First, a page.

Sweet spots are in the food system: Structural adjustments to co-control regional pollutants and national GHG emissions in China
Hauke Ward and
Ecological Economics, 2020, vol. 171, issue C
The Chinese government aims to mitigate climate change while also reducing local air pollution; this requires co-control of greenhouse gases and pollutants. Here, we develop a method combining an elasticity analysis and a multi-regional input–output model, to measure changes in the emissions of greenhouse gases and pollutants and corresponding socio-economic costs caused by the adjustments in intermediate input, inter-regional trade, and final demand transactions for 30 provinces in China. A filter framework is proposed to identify the key structural transactions that can significantly co-control both emission types with small socio-economic impacts. The results show that 13 effective co-control spots can simultaneously reduce greenhouse gases and pollutants. Among these, eight co-controls are associated with low economic costs, which we refer to as ‘sweet spots’. Sweet spots cover agricultural inputs in the food and tobacco sectors of Inner Mongolia, Sichuan, Liaoning, and Hubei; self-inputs in the agriculture of Henan; self-inputs in the food and tobacco sector of Shandong; fixed capital formation of agriculture in Hebei; and urban household consumption of agricultural products in Guangdong. This finding is important, as climate measures mostly side-line the agricultural sector so far, both in China and in other parts of the world.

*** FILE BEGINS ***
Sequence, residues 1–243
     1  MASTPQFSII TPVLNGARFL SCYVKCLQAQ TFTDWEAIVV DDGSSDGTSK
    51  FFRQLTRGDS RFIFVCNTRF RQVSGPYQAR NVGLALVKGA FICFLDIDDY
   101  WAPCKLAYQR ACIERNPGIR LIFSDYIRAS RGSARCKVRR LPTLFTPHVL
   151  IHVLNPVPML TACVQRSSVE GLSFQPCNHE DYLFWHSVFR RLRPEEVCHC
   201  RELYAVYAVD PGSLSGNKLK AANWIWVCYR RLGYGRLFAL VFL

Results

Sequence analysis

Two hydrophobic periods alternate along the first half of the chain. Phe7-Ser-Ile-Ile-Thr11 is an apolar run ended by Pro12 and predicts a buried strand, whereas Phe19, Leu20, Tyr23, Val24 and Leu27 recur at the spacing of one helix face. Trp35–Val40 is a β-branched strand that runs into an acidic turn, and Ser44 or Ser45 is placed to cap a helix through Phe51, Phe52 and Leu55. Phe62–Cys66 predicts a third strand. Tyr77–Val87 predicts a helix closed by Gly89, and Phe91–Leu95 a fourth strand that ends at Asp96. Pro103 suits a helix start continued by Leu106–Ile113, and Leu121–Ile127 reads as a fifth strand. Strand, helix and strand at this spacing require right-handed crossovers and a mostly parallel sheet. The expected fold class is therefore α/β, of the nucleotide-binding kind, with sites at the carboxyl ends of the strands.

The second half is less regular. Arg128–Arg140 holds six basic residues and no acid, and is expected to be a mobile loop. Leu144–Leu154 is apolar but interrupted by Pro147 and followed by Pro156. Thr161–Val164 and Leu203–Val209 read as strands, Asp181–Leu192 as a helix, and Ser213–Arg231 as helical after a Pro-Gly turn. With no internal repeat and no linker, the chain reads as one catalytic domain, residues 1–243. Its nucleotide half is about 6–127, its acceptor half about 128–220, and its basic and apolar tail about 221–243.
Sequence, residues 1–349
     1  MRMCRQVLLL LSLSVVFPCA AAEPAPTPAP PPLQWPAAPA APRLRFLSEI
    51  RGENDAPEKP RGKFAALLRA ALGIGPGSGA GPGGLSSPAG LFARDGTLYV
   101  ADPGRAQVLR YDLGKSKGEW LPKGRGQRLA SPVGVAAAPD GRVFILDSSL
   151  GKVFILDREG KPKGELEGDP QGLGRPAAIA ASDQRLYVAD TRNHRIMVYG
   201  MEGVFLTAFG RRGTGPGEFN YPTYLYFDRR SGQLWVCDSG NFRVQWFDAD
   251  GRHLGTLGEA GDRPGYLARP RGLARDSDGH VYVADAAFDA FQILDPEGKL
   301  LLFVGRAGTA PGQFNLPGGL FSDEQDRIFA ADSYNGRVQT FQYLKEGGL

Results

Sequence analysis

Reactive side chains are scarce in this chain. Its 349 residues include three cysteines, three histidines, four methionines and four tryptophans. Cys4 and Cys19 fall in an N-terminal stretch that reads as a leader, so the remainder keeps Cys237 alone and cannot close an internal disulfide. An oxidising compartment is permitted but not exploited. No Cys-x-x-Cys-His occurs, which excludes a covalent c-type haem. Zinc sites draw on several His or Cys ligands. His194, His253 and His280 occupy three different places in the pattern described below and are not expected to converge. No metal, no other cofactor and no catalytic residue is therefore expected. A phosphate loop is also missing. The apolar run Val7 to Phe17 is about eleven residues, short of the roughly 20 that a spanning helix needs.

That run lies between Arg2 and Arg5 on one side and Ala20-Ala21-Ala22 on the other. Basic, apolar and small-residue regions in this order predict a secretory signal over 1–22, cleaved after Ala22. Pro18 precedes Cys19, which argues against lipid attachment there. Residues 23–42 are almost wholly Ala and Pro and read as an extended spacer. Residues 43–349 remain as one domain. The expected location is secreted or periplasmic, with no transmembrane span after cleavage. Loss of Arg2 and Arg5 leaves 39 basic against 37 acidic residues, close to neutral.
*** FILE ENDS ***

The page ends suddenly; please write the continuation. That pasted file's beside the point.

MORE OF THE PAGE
Keywords: Greenhouse gas; Pollutant; Multi-regional input-output; China; Co-benefits; Elasticity analysis (search for similar items in EconPapers)
References: View references in EconPapers View complete reference list from CitEc
Citations: Track citations by RSS feed
Downloads: (external link)
Full text for ScienceDirect subscribers only
This item may be available elsewhere in EconPapers: Search for items with the same title.
Export reference: BibTeX
RIS (EndNote, ProCite, RefMan)
Persistent link: https://EconPapers.repec.org/RePEc:eee:ecolec:v:171:y:2020:i:c:s0921800919306007
Access Statistics for this article
Ecological Economics is currently edited by C. J. Cleveland
More articles in Ecological Economics from Elsevier
Bibliographic data for series maintained by Haili He ().